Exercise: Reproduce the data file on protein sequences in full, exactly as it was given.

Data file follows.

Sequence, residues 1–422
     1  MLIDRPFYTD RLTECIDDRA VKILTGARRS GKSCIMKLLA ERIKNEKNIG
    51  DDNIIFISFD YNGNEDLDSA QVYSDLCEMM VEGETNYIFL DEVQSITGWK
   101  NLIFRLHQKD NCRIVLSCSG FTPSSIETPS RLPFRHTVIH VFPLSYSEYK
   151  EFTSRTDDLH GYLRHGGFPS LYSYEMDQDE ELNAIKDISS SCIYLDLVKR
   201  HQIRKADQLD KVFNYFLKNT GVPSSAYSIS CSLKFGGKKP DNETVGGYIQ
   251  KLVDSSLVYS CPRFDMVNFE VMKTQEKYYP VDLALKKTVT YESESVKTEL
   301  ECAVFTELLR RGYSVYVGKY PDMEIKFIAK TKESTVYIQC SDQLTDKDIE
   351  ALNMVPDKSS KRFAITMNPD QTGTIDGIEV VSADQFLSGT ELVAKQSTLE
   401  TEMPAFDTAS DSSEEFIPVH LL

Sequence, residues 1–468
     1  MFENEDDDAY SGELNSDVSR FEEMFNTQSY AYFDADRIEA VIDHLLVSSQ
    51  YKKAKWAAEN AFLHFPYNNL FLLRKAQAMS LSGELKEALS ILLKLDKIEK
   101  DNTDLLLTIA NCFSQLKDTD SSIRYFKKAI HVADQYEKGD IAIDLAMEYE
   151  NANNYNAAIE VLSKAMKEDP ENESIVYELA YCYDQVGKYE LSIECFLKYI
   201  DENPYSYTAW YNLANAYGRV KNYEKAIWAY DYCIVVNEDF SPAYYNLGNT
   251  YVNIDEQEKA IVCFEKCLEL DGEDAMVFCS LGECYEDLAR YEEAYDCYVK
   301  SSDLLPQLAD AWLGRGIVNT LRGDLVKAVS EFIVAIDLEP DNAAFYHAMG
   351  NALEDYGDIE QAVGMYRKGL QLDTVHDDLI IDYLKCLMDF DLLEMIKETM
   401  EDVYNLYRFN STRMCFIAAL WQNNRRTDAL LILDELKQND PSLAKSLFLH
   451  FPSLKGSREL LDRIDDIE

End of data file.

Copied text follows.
Sequence, residues 1–422
     1  MLIDRPFYTD RLTECIDDRA VKILTGARRS GKSCIMKLLA ERIKNEKNIG
    51  DDNIIFISFD YNGNEDLDSA QVYSDLCEMM VEGETNYIFL DEVQSITGWK
   101  NLIFRLHQKD NCRIVLSCSG FTPSSIETPS RLPFRHTVIH VFPLSYSEYK
   151  EFTSRTDDLH GYLRHGGFPS LYSYEMDQDE ELNAIKDISS SCIYLDLVKR
   201  HQIRKADQLD KVFNYFLKNT GVPSSAYSIS CSLKFGGKKP DNETVGGYIQ
   251  KLVDSSLVYS CPRFDMVNFE VMKTQEKYYP VDLALKKTVT YESESVKTEL
   301  ECAVFTELLR RGYSVYVGKY PDMEIKFIAK TKESTVYIQC SDQLTDKDIE
   351  ALNMVPDKSS KRFAITMNPD QTGTIDGIEV VSADQFLSGT ELVAKQSTLE
   401  TEMPAFDTAS DSSEEFIPVH LL

Sequence, residues 1–468
     1  MFENEDDDAY SGELNSDVSR FEEMFNTQSY AYFDADRIEA VIDHLLVSSQ
    51  YKKAKWAAEN AFLHFPYNNL FLLRKAQAMS LSGELKEALS ILLKLDKIEK
   101  DNTDLLLTIA NCFSQLKDTD SSIRYFKKAI HVADQYEKGD IAIDLAMEYE
   151  NANNYNAAIE VLSKAMKEDP ENESIVYELA YCYDQVGKYE LSIECFLKYI
   201  DENPYSYTAW YNLANAYGRV KNYEKAIWAY DYCIVVNEDF SPAYYNLGNT
   251  YVNIDEQEKA IVCFEKCLEL DGEDAMVFCS LGECYEDLAR YEEAYDCYVK
   301  SSDLLPQLAD AWLGRGIVNT LRGDLVKAVS EFIVAIDLEP DNAAFYHAMG
   351  NALEDYGDIE QAVGMYRKGL QLDTVHDDLI IDYLKCLMDF DLLEMIKETM
   401  EDVYNLYRFN STRMCFIAAL WQNNRRTDAL LILDELKQND PSLAKSLFLH
   451  FPSLKGSREL LDRIDDIE